Onboard Panthera During St. Maarten Heineken Regatta

Published on March 3rd, 2013

Civilized Racing onboard Panthera during St. Maarten Heineken Regatta. Video and report by Leighton O’Connor.

During the 33rd St. Marteen Heineken Regatta I got to race on Panthera, a six year old Gunboat 66. Peter Johnstone was calling tactics on the boat for the regatta and should be pretty good at it considering he is Gunboats founder.

After I finished my cheese croissant and cup of coffee in a real ceramic cup, I asked Peter where I should keep my gear. He pointed at a table with a red table cloth outside on stern of the boat and said, “Put your cameras on top of the table. They will be fine there all day long. That can be your media center for the day.”

I looked at him with kind of a puzzled face. “Don’t worry, the boat is very stable, they’ll be out the sun, they’ll never get wet and either will you,” Peter said. Well that is where I kept my cameras and lens all day long and they didn’t move an inch. That was a first. Usually, I have to strap cameras to me during races so I can bounce from rail rail hands free. Well there wasn’t a lot of “running” from side to side on Panthera for any of the crew and we just barley hiked. If I needed to switch cameras or lens while we were racing I strolled to the stern and got the gear I needed and strolled back on deck.

Panthera is fully equipped to race or cruise with two twin 75hp diesel engines and has anywhere from 2,500-4,500 square feet of sail up at a time. The main salon is a fully decked out fish bowl in which you can even see the top of the sails from inside. In the front of the salon, next to a very high tech nav station, there is a huge wheel that is that is connected to an outside wheel in the back of the “pit”. The pit is literally a 12ft by 6ft pit at same level of the salon with two doors going out to it from the salon. The pit is at the base of the mast where all the sails can be controlled. All the halyards and sheets work off two powered winches that are controlled by your big toe.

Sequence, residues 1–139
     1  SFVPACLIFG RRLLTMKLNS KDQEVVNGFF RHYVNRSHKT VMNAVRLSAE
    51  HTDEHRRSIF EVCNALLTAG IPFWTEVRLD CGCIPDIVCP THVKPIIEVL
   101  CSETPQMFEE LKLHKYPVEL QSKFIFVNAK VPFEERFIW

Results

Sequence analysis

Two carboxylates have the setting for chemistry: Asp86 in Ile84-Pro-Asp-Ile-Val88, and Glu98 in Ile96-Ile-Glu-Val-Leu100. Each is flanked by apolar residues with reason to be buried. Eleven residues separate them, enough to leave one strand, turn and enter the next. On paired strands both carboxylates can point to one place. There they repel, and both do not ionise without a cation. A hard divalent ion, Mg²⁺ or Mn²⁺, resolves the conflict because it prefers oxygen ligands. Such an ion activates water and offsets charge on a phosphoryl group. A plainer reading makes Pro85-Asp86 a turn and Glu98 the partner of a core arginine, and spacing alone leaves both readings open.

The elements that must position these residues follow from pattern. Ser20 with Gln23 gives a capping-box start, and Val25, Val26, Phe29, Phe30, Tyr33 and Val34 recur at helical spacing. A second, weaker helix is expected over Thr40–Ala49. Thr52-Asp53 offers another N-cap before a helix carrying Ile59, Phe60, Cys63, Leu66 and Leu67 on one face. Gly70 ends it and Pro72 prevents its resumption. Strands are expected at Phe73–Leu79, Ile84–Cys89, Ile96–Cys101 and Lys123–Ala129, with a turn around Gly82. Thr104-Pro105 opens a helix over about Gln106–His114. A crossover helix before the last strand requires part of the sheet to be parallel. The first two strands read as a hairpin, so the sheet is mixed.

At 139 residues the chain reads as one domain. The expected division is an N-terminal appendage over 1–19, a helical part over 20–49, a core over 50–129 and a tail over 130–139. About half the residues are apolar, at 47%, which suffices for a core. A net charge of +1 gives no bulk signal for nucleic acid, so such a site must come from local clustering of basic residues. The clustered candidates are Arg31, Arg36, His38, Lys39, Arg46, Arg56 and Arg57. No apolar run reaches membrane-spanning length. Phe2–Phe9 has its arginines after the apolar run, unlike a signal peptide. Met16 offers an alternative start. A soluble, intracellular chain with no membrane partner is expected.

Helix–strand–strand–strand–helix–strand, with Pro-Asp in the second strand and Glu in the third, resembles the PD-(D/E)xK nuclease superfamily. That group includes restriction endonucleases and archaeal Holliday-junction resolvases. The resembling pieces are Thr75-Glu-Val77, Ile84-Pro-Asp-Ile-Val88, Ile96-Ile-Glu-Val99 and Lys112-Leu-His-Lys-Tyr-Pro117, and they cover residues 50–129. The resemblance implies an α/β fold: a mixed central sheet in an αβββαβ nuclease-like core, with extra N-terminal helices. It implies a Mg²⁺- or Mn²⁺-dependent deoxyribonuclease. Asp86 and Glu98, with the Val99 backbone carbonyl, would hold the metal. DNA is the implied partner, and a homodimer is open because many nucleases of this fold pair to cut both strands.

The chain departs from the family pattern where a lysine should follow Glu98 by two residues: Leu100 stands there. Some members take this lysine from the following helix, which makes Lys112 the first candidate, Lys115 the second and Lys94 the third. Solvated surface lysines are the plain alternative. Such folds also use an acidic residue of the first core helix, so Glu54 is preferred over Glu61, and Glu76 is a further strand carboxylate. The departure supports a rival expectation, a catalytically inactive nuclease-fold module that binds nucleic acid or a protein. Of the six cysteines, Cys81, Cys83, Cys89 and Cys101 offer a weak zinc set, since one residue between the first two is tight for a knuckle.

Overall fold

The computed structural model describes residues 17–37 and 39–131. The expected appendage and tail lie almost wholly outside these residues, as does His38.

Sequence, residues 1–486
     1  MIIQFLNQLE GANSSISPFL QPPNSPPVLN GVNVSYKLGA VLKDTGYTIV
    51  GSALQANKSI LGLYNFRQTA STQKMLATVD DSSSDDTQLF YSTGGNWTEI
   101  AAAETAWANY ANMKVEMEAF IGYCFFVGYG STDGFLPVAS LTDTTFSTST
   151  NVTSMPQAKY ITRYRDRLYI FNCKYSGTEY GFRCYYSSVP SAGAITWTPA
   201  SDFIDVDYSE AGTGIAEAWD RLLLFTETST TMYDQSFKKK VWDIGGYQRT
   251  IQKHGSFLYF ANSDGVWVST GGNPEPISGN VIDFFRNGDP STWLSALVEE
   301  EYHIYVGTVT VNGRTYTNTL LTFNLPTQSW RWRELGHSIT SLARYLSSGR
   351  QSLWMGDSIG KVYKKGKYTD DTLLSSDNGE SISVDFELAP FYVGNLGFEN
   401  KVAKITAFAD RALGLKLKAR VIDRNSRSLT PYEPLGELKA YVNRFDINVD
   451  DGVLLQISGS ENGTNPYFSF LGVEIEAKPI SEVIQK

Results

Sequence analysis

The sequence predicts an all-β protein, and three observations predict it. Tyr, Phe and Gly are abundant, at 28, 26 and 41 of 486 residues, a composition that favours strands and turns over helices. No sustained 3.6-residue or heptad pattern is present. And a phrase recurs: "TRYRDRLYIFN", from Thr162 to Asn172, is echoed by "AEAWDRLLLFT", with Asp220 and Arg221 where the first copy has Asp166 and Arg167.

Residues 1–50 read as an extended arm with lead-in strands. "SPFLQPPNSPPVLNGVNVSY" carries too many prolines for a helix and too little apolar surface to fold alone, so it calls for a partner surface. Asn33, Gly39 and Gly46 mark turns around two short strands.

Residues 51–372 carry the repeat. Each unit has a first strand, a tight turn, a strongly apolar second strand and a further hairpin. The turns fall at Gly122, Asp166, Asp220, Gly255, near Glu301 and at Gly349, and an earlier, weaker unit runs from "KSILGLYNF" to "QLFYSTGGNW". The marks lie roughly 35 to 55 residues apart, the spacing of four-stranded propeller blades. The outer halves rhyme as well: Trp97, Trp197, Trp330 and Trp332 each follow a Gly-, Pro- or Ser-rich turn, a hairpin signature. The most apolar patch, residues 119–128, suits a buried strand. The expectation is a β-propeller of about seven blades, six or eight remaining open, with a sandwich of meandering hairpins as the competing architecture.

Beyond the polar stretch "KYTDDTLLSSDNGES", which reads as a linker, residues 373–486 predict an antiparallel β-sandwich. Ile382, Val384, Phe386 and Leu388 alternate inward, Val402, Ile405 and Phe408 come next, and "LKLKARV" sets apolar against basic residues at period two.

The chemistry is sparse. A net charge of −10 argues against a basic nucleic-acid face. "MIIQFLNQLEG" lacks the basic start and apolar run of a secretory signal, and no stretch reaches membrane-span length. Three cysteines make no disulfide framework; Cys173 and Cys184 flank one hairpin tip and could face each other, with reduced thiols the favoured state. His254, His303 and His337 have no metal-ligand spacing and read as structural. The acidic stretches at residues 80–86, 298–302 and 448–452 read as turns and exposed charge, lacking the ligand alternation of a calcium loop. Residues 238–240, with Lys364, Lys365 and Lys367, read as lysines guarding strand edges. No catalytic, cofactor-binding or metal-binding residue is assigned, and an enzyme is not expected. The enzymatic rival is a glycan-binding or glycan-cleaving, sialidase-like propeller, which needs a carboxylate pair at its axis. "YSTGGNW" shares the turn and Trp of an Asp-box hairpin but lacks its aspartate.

During racing there were 1-3 crew members working the pit right next the driver. We had a total of 11 crew on board and most of their help was needed to raise and lower some huge sails just for racing. Peter said the boat can be cruised very comfortable with two and raced with as a little as six. The previous owner of Panthera did a full circumnavigation, two loops of the Pacific and put over 80,000 miles on the boat. The current owner plans on sailing around the world with his family.

Today we raced against four newer Gunboats; Elvis, Coco de Mer and Tribe. Panthera is the oldest and heaviest boat in the fleet and carries a 14% handicap. We raced 36 miles around St. Maarten and she moved right alone but quite a ways in the back of the fleet. I think the highest we saw for speed was 12 knots in 10 knots of breeze which isn’t too bad. At one point Peter was calling tactics while sitting at one of the huge tables in the grand salon while munching on trail mix. I was next to him munching on a freshly made chicken wrap with fresh vegetables.

The wheel, the pit and the nav station are all within earshot so getting and giving racing feedback is pretty easy and having an enormous refrigerator stocked with all kinds of drinks close by isn’t too bad either. Pretty civilized for racing and sometimes I honestly forgot I was racing. I can see how an owner could take the family out racing (including Grandma) and they wouldn’t hate him afterwards. They would probably actually really love it and want to do it again.

I will admit at one point I did feel like I was racing when Peter asked me to move into the main salon because he didn’t want too much weight in the stern. It was sure better than being asked to hike for real and get my fat ass on the toe rail.



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